Hollywood is placing its bets that virtual reality could be as popular as popcorn at the movies. This week, Fox is wagering $20.
Tuesday, movie studio 20th Century Fox is releasing "The Martian VR Experience," a virtual-reality simulation that puts viewers inside the spacesuit of Mark Watney, Matt Damon's character in the 2015 movie. In the fledgling universe of VR, it's a ballyhooed production, from a big-budget studio, with plenty of name recognition thanks to a blockbuster flick.
But with a $20 price tag, it's the most expensive non-gaming VR release so far. That makes "The Martian VR Experience" raise two flags. It's the first field test of whether mainstream consumers will pay for virtual reality that isn't a game (or porn). "The Martian" also sends a message Hollywood hopes will become a premise: If we make VR worth seeing, it's also worth paying for.
Virtual reality is an entertainment format that uses responsive headsets to put viewers in the middle of the action. Big investments in hardware by tech giants like Facebook,Samsung, Sony and Google have made it one of the buzziest consumer technologies this year. But it has limited reach because much of the hardware is expensive and complicated. That feeds uncertainty about its ultimate impact.
The first wave of VR experiences have been mostly games. For one, VR is naturally suited to gaming, as both share a first-person, interactive storytelling style. But another big reason is that gamers are already known for paying hundreds of dollars in equipment and coughing up more dough for new releases.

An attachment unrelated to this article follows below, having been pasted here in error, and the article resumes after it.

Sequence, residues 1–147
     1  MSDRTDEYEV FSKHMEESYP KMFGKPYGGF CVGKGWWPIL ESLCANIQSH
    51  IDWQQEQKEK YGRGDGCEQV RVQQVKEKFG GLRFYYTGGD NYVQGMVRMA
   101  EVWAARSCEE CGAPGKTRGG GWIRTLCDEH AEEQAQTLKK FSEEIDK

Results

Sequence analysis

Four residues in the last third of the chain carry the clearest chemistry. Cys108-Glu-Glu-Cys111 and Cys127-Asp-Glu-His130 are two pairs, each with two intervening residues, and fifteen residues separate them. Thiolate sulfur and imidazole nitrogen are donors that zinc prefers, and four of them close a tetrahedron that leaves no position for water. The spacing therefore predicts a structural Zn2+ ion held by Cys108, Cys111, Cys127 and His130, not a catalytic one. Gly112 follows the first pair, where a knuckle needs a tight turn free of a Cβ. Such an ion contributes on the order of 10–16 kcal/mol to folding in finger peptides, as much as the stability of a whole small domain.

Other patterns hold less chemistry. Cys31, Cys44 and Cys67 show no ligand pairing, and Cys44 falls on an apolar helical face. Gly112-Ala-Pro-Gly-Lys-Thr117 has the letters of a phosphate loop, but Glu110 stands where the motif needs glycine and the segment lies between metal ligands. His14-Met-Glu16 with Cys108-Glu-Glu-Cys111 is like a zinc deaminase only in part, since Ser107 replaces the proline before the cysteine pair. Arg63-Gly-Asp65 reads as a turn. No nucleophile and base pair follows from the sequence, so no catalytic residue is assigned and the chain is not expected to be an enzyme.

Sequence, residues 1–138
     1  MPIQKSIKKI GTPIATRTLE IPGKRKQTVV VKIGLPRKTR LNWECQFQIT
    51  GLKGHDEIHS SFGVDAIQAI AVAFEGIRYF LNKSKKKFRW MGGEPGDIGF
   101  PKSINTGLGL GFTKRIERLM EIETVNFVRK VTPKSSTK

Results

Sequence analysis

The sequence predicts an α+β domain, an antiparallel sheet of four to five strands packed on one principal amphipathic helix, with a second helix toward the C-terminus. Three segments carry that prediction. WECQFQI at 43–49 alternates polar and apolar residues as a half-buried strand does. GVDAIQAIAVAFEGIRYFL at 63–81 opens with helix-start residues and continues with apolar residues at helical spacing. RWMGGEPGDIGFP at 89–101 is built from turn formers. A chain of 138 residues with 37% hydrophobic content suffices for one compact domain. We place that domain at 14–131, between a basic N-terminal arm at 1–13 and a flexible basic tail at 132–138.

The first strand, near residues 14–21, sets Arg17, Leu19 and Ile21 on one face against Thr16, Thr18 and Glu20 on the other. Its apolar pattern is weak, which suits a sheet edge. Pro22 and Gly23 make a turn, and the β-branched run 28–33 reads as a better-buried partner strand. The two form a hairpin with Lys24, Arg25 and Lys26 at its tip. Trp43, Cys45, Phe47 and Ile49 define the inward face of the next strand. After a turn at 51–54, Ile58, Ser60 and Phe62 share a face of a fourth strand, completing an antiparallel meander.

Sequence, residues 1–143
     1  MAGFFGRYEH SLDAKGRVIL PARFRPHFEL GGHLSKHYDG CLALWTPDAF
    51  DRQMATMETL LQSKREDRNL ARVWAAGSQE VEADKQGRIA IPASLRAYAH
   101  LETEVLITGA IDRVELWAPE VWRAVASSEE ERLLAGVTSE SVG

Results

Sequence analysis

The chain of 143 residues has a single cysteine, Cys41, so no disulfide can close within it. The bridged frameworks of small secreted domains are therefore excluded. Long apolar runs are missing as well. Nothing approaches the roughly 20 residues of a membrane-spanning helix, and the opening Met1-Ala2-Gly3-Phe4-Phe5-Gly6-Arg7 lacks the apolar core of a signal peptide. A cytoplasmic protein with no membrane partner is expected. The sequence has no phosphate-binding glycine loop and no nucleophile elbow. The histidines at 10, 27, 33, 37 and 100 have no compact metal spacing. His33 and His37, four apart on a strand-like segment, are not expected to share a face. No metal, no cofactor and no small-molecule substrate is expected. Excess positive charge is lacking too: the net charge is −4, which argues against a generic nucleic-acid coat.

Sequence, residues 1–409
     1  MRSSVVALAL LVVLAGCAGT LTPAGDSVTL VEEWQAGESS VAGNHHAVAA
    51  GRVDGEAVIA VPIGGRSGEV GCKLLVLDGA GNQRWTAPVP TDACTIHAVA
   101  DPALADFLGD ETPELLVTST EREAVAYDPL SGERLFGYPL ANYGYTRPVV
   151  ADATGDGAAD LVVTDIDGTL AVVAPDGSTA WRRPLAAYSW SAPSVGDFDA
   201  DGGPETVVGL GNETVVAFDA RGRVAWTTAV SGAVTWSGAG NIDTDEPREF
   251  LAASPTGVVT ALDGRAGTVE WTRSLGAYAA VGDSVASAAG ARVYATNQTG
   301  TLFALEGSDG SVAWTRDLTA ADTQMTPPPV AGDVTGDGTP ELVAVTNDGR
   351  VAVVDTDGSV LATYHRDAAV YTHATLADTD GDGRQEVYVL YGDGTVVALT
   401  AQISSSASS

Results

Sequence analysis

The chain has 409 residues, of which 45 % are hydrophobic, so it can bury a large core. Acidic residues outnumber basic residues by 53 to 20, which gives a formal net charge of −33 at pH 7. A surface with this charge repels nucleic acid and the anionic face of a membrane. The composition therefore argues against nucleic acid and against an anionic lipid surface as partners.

"Right now, the majority of paid VR content ... is all paid upfront, and that content is almost completely covered by games," said Stephanie Llamas, director at SuperData Research, which studies the gaming and VR industries.
Filmmakers have to take a bigger leap of faith that people will pay for VR. While there is a smattering of documentary-style videos and other VR footage, they're often short clips given away as a demonstration of virtual reality.
In "The Martian VR Experience," users live through the perspective of Damon's character, flying onto the surface of Mars or steering at zero gravity through space. You even get to throw around poop-cultivated potatoes, which is pretty cool.
But the $20 cost of "The Martian VR Experience" more than doubles the average price of a US movie ticket, according to the National Organization of Theater Owners. That's for an experience that lasts 30 minutes, more or less. More if you spend a lot of time playing with poop potatoes.
Starting Tuesday, "The Martian VR Experience" will be available on Playstation VR and the HTC Vive, the two platforms with hand controllers available currently. Fox is expected to make it available for Facebook's Oculus Rift in December when its controllers, called Touch, are released.
Although "The Martian" is the first test of people's willingness to pay for non-game VR, it wouldn't be fair to divine the future success or failure of Hollywood VR from its initial traction. With availability only on so-called "tethered" VR sets that use a PC or a gaming console, it's potential audience is small. SuperData estimates that group at about 3.6 million people by the end of this year.
But SuperData also estimates that audience to grow to 20 million by the end of 2018 and more than 50 million by the end of 2020. "The Martian" may set the tone for how Hollywood approaches that future audience -- and what that audience will come to expect from Hollywood.
You can get a 360-degree peek at the experience below, with a voice over by the film's director Ridley Scott, who was also involved in making the VR experience.